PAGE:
Marlon’s Magic Falls Short

         While Stanley Kowalski is no one's hero, given his grotesque behavior in both the 1947 play and the 1951 film A Streetcar Named Desire, Marlon Brando gives the performance of a lifetime in the film, making Stanley Kowalski a man everyone loves to hate and hates to love. Brando played Stella's (Kim Hunter) hero and Blanche's (Vivien Leigh) villain but serves as both to the film's viewers, who are torn between which Stanley they should love or hate more.

         No other actor could have played Stanley Kowalski better than Brando did. He is the loving husband and hateful rapist that the character must be to fulfill the role Tennessee Williams created. Kowalski is abusive, both verbally and physically, which Brando brought so realistically to the screen in the film; but, even more evident, is the love he holds in his heart for Stella.

         Through his expressive eyes and heart-warming moments, Brando becomes the Hollywood heartthrob admirers knew him to be in Streetcar and subsequent films, despite the fact that he plays an abusive husband. However, even at the end of the play, when Blanche has been escorted away by the doctor and matron, and Stella doubts her own husband, she still goes back to him. In the film, she leaves him; but, in the play, she stays. It is a complicated decision for her to make, the choice between her sister and her husband; but Stella chooses Stanley in the play.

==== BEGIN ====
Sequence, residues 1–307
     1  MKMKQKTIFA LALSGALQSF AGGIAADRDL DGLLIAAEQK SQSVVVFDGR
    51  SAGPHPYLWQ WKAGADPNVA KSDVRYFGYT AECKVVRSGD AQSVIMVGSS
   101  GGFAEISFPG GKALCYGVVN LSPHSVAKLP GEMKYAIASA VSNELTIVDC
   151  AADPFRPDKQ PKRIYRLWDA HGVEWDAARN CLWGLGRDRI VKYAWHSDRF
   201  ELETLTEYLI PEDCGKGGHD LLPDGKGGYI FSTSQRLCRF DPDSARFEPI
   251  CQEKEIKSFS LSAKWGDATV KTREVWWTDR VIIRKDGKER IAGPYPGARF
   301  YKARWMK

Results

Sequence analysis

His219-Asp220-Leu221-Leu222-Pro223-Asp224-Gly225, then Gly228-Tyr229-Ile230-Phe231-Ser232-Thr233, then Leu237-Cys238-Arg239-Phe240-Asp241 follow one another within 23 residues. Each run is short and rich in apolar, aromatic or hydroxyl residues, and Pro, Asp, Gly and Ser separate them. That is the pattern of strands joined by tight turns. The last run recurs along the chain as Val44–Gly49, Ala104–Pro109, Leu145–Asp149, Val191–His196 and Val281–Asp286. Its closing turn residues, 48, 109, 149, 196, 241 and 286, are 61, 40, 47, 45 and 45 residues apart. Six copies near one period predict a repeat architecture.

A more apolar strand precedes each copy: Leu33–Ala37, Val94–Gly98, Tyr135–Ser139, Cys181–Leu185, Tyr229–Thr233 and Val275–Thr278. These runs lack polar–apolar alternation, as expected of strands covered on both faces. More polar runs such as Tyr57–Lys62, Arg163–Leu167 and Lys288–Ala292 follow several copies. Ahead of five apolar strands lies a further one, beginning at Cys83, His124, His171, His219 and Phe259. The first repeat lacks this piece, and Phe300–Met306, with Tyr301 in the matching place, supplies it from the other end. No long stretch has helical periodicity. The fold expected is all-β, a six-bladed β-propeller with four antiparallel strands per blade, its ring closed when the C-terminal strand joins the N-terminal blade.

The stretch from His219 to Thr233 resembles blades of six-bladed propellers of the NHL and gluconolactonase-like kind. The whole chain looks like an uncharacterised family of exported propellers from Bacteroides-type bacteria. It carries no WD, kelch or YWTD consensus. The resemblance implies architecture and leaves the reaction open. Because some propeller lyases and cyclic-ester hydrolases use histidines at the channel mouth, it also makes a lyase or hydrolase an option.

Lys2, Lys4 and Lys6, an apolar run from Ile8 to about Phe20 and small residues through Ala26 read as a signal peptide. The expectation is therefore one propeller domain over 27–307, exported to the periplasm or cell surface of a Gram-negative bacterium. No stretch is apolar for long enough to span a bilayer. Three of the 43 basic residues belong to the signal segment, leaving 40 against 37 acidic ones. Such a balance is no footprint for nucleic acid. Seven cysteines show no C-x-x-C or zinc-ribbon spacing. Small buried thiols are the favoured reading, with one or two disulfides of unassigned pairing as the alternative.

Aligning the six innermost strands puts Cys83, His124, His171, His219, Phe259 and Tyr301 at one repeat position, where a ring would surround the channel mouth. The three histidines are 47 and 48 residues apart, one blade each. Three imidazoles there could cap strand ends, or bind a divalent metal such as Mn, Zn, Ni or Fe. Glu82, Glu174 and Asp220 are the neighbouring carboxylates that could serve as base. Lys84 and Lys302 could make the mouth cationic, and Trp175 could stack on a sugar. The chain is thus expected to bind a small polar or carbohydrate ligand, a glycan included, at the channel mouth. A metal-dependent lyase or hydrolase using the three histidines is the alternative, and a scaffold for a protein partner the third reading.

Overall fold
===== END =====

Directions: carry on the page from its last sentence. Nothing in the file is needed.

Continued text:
One of the most ironic parts about the film is that, with Stanley, viewers are given a face with which to associate his character. He is a character who loves his wife, works hard, tries but fails, and a character that can be cruel enough to rape his wife's sister. It is Marlon Brando's face-a face that has captured the hearts of many-and Stella finds a way to walk away from it, which would be no easy task for any woman, especially if he gives her his "Stellaaaaaaaaaaaaaaaaah mating call again?

Vanessa Childers

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